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Three Common Heart Disease Factors Patients Hide from Health Providers

 

Heart disease can be a touchy subject for many patients. Some people may feel self-conscious about their weight while others may have been affected by a long family history of cardiac arrest. Add in the widely known statistic that heart disease is the leading cause of death for men and women in the US, and conversations about heart disease can become emotionally charged quite quickly.

 

Some patients may even bend the truth as a defense mechanism. Therefore, healthcare practitioners need to make sure they’re receiving accurate information from patients. While emotional boundaries should always be respected, sometimes a few pointed questions can help practitioners uncover the true state of a patient’s lifestyle and health history.     

 

Thankfully, many Vasolabs partners have meaningful relationships with their patients. Functional medicine and direct primary care practitioners, integrative medicine practitioners, chiropractors, and massage therapists work in settings where they’re able to spend time with the people they serve. If this describes you, then you probably know your patients’ unique life stories. However, these relationships can sometimes lure practitioners into a false sense of security. 

 

If a patient’s conversation doesn’t line up with lab tests and other health metrics, then they may be hiding information from you. Having an open conversation can be the difference between life and death in some cases.

 

Why Patients are Hesitant to Talk about Heart Disease

Ask your average person if they want to be healthy, and they’ll probably tell you “yes.” Ask them if they’d like to avoid heart disease, and they’ll give the same answer. But ask if they’ve been taking care of their body and following healthy lifestyle recommendations, and they may go quiet or try to change the subject.

 

In the US, heart disease is connected to many complex emotions. These emotions can trigger fight or flight responses that obscure the true state of a patient’s health. As health practitioners, it helps if we can put ourselves in our patients’ shoes to help them receive the best treatment possible.

  • Guilt. Many Americans know the right way to take care of their health, but fail to do so. This can lead to feelings of guilt and inadequacy, which can be compounded by marketing messages that equate exercise and weight loss with pure willpower. Sometimes it’s easier for patients to twist the truth instead of facing feelings of shame.



  • Lack of Education. Some patients may hide key health information simply because they don’t think it’s worth sharing. For example, older people at risk for heart disease may believe that the classic “meat and potatoes” meal is a sustainable diet although modern science has shown us that too much red meat and starches can be bad for the heart.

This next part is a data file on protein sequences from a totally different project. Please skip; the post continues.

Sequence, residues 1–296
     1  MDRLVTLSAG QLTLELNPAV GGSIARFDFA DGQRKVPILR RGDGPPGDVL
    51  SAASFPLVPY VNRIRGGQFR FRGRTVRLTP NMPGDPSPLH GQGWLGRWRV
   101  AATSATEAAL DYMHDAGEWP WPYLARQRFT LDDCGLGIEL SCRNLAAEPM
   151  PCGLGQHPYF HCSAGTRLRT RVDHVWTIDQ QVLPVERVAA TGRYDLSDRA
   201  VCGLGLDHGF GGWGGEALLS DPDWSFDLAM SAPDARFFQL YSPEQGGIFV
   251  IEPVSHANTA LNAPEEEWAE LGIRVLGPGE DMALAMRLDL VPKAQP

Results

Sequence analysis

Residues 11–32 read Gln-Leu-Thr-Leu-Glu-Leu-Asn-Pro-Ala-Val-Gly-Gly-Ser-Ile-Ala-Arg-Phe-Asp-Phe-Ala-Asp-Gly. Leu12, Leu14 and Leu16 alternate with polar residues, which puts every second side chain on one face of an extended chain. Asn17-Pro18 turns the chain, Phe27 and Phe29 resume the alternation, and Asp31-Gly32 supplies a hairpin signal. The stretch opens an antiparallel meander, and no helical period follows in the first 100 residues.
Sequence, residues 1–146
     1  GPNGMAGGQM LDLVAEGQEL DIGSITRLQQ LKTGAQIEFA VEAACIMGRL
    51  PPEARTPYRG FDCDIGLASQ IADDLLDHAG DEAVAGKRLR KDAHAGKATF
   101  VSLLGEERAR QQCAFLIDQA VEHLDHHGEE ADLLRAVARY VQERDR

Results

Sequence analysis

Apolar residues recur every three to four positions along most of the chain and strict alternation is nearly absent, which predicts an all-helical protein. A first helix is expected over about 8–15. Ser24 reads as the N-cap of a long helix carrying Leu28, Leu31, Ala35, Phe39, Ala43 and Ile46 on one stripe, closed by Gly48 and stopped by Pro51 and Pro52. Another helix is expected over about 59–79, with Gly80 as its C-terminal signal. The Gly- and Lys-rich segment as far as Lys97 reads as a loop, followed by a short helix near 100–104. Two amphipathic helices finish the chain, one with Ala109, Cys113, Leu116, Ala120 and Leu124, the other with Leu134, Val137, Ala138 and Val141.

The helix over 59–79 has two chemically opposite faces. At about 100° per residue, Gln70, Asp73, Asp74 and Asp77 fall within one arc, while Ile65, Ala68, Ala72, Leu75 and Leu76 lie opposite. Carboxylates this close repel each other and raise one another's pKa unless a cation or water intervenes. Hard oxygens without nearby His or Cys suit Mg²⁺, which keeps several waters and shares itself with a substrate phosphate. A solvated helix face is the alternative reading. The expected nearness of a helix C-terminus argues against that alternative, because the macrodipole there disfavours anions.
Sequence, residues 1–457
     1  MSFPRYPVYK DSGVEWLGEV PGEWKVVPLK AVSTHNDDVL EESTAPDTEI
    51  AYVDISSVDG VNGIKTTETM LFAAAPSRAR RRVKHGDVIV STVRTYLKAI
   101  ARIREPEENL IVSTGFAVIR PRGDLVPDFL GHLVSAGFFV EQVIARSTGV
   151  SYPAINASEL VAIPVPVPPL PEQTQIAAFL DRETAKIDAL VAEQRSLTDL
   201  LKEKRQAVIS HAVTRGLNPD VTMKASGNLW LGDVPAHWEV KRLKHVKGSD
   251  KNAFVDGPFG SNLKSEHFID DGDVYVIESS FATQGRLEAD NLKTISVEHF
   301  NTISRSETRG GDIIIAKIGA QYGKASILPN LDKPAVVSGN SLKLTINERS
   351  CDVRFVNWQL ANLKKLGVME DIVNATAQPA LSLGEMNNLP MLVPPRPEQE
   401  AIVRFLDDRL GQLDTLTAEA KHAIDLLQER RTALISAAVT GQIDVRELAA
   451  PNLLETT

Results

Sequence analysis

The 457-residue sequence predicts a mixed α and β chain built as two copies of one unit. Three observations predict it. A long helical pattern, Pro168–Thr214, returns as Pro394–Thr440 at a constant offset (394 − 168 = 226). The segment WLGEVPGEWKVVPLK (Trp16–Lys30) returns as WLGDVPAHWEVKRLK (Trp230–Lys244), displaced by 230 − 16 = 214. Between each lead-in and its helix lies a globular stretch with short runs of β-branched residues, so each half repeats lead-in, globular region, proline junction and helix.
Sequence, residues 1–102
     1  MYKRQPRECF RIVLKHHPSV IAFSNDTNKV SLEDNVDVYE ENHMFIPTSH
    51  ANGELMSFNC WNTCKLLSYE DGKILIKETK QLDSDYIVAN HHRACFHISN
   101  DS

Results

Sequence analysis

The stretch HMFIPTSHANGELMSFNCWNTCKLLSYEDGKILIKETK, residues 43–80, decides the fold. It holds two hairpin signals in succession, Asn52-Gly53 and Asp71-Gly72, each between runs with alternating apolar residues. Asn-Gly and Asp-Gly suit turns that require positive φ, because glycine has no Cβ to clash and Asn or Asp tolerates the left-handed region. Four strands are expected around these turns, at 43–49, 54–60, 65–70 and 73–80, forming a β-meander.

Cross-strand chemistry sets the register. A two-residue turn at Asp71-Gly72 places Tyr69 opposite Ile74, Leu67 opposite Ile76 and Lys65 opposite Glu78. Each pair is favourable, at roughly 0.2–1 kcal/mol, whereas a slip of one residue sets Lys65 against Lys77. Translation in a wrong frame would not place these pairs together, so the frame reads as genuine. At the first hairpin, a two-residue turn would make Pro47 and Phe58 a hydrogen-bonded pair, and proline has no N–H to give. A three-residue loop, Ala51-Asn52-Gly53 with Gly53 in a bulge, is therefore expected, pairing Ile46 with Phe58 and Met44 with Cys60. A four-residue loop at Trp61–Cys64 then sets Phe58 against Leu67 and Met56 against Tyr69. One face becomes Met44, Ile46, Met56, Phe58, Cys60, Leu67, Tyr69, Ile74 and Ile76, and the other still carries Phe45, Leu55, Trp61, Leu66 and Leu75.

Three Health Factors Patients Try to Hide from Practitioners

As we’ve seen, heart disease can be an emotionally taxing topic. Health practitioners of all kinds will want to pay extra attention to specific areas when trying to diagnose or detect cardiovascular conditions. Ask specific questions as opposed to general questions or use follow-up questions to gain more information.

 

These three factors are often associated with the negative emotions listed above, and patients may avoid them:

  • Exercise. Too many people think exercise means lifting 200-pound weights at the gym or running five miles on the treadmill. They also wrongly believe that if they don’t exercise, they’re “lazy.” To help patients open up about their true exercise habits, it’s helpful to reframe exercise in terms of enjoyment. Do you like taking walks in the park? Is there a tennis club you can join? Healthy exercise isn’t just about gritting your teeth and having more willpower.

 

  • Diet. Like exercise, diet is often discussed in terms of willpower, and fad diets don’t help. Many people feel ashamed of their body weight and shapes because of cultural stigmas. Try reframing your diet in terms of moderation and fueling the body. Food is an ally, not an enemy. Educate patients about what their bodies need in order to thrive.


  • Family Health History. Ingrained family narratives can affect how someone speaks to their health provider. Perhaps a father refused to go to the doctor even while a heart complication progressed unhindered. Or perhaps a grandmother had a complex mental health disorder that the family refuses to mention in public. These situations don’t have easy answers, but health practitioners should be aware that family health histories may create obstacles to clear and open discussion about health disease.

 

Vasolabs understands that working with patients can be an emotional process. That’s why we provide practitioner-centered education alongside affordable and convenient heart diagnostic services. Our goal is to help health practitioners reduce overhead and admin time so that they can devote as much time as is necessary to their patients and have constructive conversations about their health.

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